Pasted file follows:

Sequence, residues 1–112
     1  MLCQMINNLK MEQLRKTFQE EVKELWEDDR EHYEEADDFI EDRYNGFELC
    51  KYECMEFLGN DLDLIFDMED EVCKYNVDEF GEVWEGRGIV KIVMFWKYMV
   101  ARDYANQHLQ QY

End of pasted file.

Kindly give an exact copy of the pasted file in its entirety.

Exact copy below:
Sequence, residues 1–112
     1  MLCQMINNLK MEQLRKTFQE EVKELWEDDR EHYEEADDFI EDRYNGFELC
    51  KYECMEFLGN DLDLIFDMED EVCKYNVDEF GEVWEGRGIV KIVMFWKYMV
   101  ARDYANQHLQ QY